nativity mosaic

The Cross in the Manger

There has been a strand within the Western theological tradition—one that is especially prevalent in contemporary American Evangelicalism—that construes the significance of the cross in strictly soteriological terms. The cross is central, in this view, but only in the sense that the reason Jesus came to earth was to pay the price for our sin by dying, thereby allowing God the Father to vent his wrath on him in our place. This myopic focus, combined with this “penal substitutionary” understanding of the atonement, tends to relegate everything else Jesus said and did leading up to his passion to a secondary status. Hence, far from providing the thematic center of Jesus’ identity and mission, this perspective tends to divorce the cross from every other aspect of Jesus’ identity and mission.

The union of God and man in Jesus is “one dynamic event from the incarnation to ascension,” as T. F. Torrance wrote. God did not unite himself to a man and then, as a secondary thing, act. Instead, in Jesus, his personhood, his words and his acts are inseparable.

If this is true, then we can never separate who Jesus is as the God-man from what he did. We can also no more separate Jesus’ atoning work on the cross from the Incarnation and/or any other aspect of his life and ministry. Torrance writes, “we must think of [Christ’s] incarnate life and his redeeming activity as completely interwoven from his conception and birth to his crucifixion and resurrection.” And again, “Incarnation and atonement intrinsically locked into one another constitute the one continuous movement of God’s saving love for the world.”

Moltmann makes a similar point, when he asserts:

The incarnation of the Logos is completed on the cross. Jesus is born to face his passion. His mission is fulfilled once he has been abandoned on the cross. So it is impossible to speak of an incarnation of God without keeping this conclusion in view. There can be no theology of the incarnation which does not become a theology of the cross. As soon as you say “incarnation,” you say “cross.”

We cannot separate his death out from his life. The cross is the quintessential expression of who Jesus was and everything he was about. The indivisible and perfectly integrated wholeness of the one in whom God became human is oriented, from manger to ascension, around the cross. We could say the same thing by claiming that Jesus’ mission centered on sacrificially reconciling humanity to God, or by claiming that Jesus’ mission centered on revealing God’s true, self-sacrificial, loving nature to humanity. The atonement and revelation are two sides of the same coin. God reconciles humanity to himself by revealing his true loving character, and God reveals his true loving character by reconciling humanity to himself. And this revelation-that-is-reconciliation and reconciliation-that-is-revelation takes place in the Word made flesh, understood as “one dynamic event from incarnation to ascension”.

If it is the whole unity of the person and work of Jesus that reveals God to us, then this unity must be centered on the love of God that was supremely revealed on the cross. Hence, while the common, myopic, Evangelical understanding of the cross tends to isolate the cross from other aspects of Jesus’ identity and mission, this view centralizes the cross as the thread that weaves together every aspect of Jesus’ life, from the incarnation first displayed in the manger to his ascension.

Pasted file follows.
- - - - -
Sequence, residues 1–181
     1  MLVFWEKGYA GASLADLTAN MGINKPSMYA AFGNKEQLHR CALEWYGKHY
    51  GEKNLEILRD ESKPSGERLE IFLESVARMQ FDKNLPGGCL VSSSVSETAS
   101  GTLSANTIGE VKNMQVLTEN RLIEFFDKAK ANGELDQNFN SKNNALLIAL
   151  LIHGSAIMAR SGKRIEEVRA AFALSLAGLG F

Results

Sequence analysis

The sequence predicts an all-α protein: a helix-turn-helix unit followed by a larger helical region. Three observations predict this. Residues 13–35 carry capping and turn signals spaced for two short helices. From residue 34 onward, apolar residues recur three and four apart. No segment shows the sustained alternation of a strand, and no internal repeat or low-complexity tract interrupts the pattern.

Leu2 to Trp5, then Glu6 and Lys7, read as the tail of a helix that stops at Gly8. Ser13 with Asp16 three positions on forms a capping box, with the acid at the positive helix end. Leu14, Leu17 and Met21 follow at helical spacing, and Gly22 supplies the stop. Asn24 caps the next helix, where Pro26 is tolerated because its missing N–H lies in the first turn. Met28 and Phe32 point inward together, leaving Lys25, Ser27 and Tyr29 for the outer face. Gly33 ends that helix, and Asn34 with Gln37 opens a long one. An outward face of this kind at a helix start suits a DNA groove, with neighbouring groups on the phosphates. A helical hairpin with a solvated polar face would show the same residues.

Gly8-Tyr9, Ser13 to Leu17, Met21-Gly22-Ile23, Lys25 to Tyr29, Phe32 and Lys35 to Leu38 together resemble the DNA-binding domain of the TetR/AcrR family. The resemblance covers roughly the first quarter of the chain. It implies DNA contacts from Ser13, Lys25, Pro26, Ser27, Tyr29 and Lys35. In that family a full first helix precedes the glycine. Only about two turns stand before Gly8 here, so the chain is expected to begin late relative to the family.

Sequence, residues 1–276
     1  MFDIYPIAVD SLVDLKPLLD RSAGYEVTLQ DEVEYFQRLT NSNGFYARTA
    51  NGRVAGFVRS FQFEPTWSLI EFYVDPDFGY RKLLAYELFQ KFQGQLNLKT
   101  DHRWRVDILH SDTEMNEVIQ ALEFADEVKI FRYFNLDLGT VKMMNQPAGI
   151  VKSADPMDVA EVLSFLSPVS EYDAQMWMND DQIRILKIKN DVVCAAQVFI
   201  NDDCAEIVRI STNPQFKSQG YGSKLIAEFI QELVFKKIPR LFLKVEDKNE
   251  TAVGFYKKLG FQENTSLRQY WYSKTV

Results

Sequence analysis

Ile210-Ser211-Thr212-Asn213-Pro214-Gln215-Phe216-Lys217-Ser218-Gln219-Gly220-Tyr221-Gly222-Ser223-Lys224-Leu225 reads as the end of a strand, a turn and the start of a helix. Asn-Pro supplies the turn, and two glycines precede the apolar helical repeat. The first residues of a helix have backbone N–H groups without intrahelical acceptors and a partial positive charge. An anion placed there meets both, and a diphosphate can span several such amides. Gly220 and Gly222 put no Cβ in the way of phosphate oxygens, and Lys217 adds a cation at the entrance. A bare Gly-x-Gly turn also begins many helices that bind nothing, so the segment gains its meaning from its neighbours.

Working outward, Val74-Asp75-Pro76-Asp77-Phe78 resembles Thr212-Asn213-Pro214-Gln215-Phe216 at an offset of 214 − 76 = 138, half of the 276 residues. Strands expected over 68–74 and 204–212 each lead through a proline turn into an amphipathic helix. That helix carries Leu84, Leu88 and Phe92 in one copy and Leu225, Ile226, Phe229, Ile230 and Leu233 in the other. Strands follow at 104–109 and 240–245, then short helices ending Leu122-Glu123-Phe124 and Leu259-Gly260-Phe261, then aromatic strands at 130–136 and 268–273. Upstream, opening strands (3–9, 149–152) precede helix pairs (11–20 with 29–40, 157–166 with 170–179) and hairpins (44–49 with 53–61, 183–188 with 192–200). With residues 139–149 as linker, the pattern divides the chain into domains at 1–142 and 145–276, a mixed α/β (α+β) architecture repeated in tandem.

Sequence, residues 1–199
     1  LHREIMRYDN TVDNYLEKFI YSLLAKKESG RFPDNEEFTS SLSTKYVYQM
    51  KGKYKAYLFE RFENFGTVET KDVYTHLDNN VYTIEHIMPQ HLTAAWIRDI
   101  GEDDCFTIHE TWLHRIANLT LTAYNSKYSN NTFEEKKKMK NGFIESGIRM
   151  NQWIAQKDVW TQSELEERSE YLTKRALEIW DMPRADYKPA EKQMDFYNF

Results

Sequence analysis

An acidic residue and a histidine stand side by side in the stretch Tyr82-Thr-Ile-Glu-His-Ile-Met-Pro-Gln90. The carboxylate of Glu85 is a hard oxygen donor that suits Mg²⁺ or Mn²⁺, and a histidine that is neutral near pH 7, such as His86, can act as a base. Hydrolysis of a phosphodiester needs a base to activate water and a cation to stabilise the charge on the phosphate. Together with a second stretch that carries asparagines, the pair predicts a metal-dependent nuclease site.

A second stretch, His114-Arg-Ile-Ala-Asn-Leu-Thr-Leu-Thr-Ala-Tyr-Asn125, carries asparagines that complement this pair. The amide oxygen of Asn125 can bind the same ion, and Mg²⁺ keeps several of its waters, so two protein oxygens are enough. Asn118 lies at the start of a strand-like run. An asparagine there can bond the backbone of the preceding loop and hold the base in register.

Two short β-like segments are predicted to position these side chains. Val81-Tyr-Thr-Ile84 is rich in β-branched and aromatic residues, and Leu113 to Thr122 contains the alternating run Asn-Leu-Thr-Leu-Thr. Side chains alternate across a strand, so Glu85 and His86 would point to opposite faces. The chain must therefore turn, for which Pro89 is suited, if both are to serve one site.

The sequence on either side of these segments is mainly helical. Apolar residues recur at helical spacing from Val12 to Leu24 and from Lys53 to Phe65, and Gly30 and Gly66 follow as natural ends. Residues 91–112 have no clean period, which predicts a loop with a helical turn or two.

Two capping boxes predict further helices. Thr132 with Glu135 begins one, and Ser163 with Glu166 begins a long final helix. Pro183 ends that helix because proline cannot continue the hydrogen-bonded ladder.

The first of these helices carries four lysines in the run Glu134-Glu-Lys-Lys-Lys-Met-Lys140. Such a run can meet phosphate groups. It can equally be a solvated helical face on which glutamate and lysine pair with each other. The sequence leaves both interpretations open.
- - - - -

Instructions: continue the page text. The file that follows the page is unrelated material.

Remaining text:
Photo Credit: jimforest via Flickr

Related Reading

God is Not What You Expect

Jesus came, in part, to finally reveal the absolute truth about God. He is the way and the truth (alethia) and the life (Jn 14:6). The word “truth” means “uncovered.” And what we find once God is uncovered is that he’s completely different than what we fallen humans generally expect God to be. As we…

One Hope

When Jesus was crucified by his enemies instead of conquering his enemies, the hope of Jesus’ disciples came crashing down in utter despair. They had hoped that Jesus would establish the kingdom of God in the same way that other kingdoms were established. However, the resurrection reveals that the kingdom of God is not like…

5 Differences Between The Kingdom of God and the Kingdom of the World

Image by matthijs rouw via Flickr The kingdom of God looks and acts like Jesus Christ, like Calvary, like God’s eternal, triune love. It consists of people graciously embracing others and sacrificing themselves in service to others. It consists of people trusting and employing “power under” rather than “power over,” even when they, like Jesus, suffer because…

The Deepest Reality of Christmas

Christmas is about so much more than what our culture has made it to be. It’s about the unraveling and reversing of the curse. It’s about the coming of God to us in love and humility. That’s the real gift and the deepest reality of Christmas. Bless you all today as you reflect on these…

Tags:

Creating God in Our Own Image

How have we created God in our own image? In this short video produced by The Work of the People, Greg reflects on various ways that humans typically think about God in terms of power, and how Jesus reframes the nature of power. The Christian revelation of God is the opposite of what we most often imagine…

The Cruciform Beauty of Horrific Divine Portraits

“Only a person who is aware of the crucified Christ can properly understand Scripture.” Luther (Table Talks) In the last three posts I’ve been wrestling with how insights from Matthew Bate’s book, The Hermeneutics of the Apostolic Proclamation might help us interpret violent portraits of God in the OT in a way that discloses how…